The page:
PS: I've had earth worms the size of small garter snakes, I was so scared. I thought the soil was radioactive. (I grew up watching The Blob and Tarantula! So I took them to the agricultural office, they tested them and they came back as healthy earthworms. The gentleman that worked there told me to bring him some more worm for his fishing (lol)!


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RE: Sea salt for the garden

Yes, it is pretty well established beyond a doubt that plants that grow in seawater make the very best additions to garden soil. That is somewhat different thing from the topic of this thread, which is whether various extracts of seawater itself makes a good fertilizer.


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RE: Sea salt for the garden

I think cost is what makes any amendment a good idea or not. If you live by the shore you may get free seaweed or kelp. If you live in-land you may find cheap chicken manure ect...

No you dont need kelp or salt at all. The midwest grows quite a bit of food. ;)


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RE: Sea salt for the garden

Quantity of production is not the only concern, indeed, for any individual eater in normal circumstances it is of zero concern.


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RE: Sea salt for the garden

It does when you produce all of your own root crops to have all winter! :)


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RE: Sea salt for the garden

No way in Hades would I put a high Na source material on my soil, can you say."sodic soil", or "flocculation"? No thank you very much, keep your sodium away from my garden! I'm trying to create pore space and improve my soil's structure, not ruin it.

A wee bit'o educational material from my alma mater in the link.

Here is a link that might be useful: CSU and sodic soils


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RE: Sea salt for the garden

I do take a couple kelp tablets a day for iodine supplementation. Using sea salt on your table instead of the regular may give a tiny bit of good minerals , but it has a lot less iodine than regular salt that is iodine fortified.

I believe that people and crops may grow and endure without some of the more micro minerals, but optimum health needs them. SO.... I mineralize my soil moderately with dust that has assayed micro minerals.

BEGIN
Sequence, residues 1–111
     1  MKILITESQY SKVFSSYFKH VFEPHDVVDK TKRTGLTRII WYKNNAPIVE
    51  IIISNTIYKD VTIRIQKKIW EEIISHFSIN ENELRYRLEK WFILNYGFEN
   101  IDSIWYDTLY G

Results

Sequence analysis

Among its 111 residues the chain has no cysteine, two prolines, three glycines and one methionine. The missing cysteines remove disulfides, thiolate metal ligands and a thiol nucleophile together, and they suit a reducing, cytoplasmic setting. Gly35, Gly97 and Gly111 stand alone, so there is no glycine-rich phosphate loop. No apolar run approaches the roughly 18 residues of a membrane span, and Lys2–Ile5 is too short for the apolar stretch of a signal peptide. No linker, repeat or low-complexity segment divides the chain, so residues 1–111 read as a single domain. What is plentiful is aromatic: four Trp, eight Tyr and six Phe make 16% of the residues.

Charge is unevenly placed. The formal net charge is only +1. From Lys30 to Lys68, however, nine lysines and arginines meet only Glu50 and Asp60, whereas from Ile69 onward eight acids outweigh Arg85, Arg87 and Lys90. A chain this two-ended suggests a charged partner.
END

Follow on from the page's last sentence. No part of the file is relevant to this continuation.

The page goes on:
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RE: Sea salt for the garden

1.YES, SEA SALT ESP SEA 90 DOES WORK...BUT YOU HAVE TO APPLY MANY TIMES....
THE BEST IS ROCK MINERALS LIKE AZOMITE ETC...BROAD SPECTRUM..
70 OR SO MINERALS...APPLY HEAVY IT WILL LAST 3-5 YEARS...ACCORDING TO HOW MUCH STUFF YOU RAISE ON IT...

2.LEARN ABOUT BIOCHAR AND HOW TO USE LIKE 3-16 OZ PER SQ FT...
3.MANY BENEFITS TO ROCK MINERALS AND BIOCHAR LIKE...LESS WATER, MORE WORMS, LESS INSECTS, LESS WEEDS, LESS DISEASES OF PLANTS...MOSTLY, A HEALTHIER YOU IF YOU EAT WHAT YOU GROW, DONT TAKE ANY VIT OR MIN PILLS, NOT NEEDED...GET WELL...butchfomby@yahoo.com


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RE: Sea salt for the garden

APPLY BIOCHAR ONCE...


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RE: Sea salt for the garden

APPLY BIOCHAR ONCE...


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RE: Sea salt for the garden

SUNDAY SUNDAY SUNDAY

SEE THE BEST MONSTER TRUCKS ON THE PLANET BATTLE IT OUT FOR SUPREMACY!

$25 BUYS A SEAT...BUT YOU'LL ONLY NEED THE EDGE!


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RE: Sea salt for the garden

Whatever is in the soil is wash off ( goes) to sea. In fact the mineral composition of sea water is the same as the mineral composition of human blood. This is logical because whatever is in the soil is absorbed by different kinds of plants which is consumed by us. Speaking of minerals soil is sea water, plants and animals. Bio char,,, yes it is very good and the only proof I need is the plant that grow at the place where we use to burn our garbage. I can tell you the plants on the burned spot is super healthy every time. Nature is my teacher it is the best there is. "comprehend and copy nature". As to the fertilizer saleman better find another job.


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RE: Sea salt for the garden

Blutranes, where are ya?


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RE: Sea salt for the garden

Do I need to pour the Sea Agri onto the ground or is it okay if I get it on the leaves?